Nonsense, says I, but I’m not going to address those points just now. But I will comment about this recent post, because it aligns with the essay I just finished. I think he has it completely upside down. (Again, he’s always stretching to dissolve the boundaries between sf and fantasy, science and mysticism, and so on. They’re all just grand narratives, to him.)

Facebook, Science Fiction, post by Damien Walter

On a long enough timeline all physicists become mystics.
Stephen Wolfram made it there.
This is one of the clearer(ish) explications of Wolfram’s “Ruliad” and computational irreducibility.
Then at the end Wolfram concludes with the two core statements of mysticism

1. there is an underlying reality that is not the reality we perceive
2. the nature of our perception and human consciousness means we can never understand the true reality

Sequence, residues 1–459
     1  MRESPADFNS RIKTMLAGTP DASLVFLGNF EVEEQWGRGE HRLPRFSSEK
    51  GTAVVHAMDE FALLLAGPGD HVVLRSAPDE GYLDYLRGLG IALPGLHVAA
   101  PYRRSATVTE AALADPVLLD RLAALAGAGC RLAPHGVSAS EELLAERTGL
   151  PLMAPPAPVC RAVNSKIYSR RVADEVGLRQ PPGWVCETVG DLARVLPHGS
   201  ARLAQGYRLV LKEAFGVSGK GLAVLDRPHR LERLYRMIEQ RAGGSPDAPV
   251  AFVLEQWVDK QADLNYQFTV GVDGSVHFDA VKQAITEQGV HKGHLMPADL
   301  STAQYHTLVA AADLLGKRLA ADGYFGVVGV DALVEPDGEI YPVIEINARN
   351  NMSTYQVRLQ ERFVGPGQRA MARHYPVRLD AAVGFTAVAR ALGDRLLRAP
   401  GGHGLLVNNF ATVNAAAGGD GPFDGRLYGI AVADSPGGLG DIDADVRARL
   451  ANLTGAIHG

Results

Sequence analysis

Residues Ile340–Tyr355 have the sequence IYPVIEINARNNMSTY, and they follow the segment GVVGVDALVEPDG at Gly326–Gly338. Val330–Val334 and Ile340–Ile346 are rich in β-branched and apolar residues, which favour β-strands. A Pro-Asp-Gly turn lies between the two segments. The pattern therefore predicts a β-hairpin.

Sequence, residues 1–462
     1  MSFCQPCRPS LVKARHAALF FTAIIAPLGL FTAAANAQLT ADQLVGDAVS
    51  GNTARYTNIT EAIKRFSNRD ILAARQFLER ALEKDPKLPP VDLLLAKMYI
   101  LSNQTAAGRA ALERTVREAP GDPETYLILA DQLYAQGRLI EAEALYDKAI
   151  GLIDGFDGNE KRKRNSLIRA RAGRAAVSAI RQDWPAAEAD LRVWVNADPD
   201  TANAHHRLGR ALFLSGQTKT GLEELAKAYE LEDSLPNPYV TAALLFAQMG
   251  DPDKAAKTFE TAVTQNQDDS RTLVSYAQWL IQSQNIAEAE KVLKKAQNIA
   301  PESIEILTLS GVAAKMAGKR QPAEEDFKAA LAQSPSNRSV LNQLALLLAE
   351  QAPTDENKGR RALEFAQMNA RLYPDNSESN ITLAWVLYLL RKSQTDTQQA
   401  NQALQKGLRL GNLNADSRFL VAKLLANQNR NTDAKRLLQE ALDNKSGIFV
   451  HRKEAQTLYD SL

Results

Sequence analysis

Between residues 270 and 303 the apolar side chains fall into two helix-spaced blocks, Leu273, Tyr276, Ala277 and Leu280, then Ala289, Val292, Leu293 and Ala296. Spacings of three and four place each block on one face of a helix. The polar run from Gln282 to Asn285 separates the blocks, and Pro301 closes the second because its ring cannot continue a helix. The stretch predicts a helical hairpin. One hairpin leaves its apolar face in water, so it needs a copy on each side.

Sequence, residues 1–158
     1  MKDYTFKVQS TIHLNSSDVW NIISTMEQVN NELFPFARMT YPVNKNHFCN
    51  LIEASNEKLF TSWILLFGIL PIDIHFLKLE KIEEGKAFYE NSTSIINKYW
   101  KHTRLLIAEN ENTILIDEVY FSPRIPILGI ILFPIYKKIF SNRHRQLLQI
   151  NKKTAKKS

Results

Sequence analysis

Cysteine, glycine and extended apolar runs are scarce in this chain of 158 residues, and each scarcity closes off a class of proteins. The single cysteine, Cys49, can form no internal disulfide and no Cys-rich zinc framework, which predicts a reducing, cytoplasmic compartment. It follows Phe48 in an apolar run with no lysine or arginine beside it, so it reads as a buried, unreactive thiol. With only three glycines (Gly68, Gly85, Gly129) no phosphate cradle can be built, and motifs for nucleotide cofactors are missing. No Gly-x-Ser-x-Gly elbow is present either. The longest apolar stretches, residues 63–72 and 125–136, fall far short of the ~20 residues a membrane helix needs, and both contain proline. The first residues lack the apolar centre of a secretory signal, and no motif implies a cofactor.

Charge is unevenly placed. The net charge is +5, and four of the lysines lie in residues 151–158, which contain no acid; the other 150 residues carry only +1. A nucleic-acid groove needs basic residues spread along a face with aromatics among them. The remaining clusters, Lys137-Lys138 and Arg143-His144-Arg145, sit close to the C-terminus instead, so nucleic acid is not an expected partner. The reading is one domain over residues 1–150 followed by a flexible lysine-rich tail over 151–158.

This is the first time I’ve heard him go there, but I always suspected that would be the final destination.

No no no. Yes, those two conclusions follow from an understanding of the limitations of human senses, as well as the psychological biases built into us by evolution to apply heuristics for survival in the natural world — but which conflict with the conclusions of actual, repeatable, self-checked science — but that does not make scientists who understand this “mystics.” He (Walter or Wolfram) is misusing words. Mysticism is concerned with the occult — all the religious and spiritual intuitions and conclusions that result from those limitations of senses, and psychological biases, but which are demonstrably not true by scientific standards.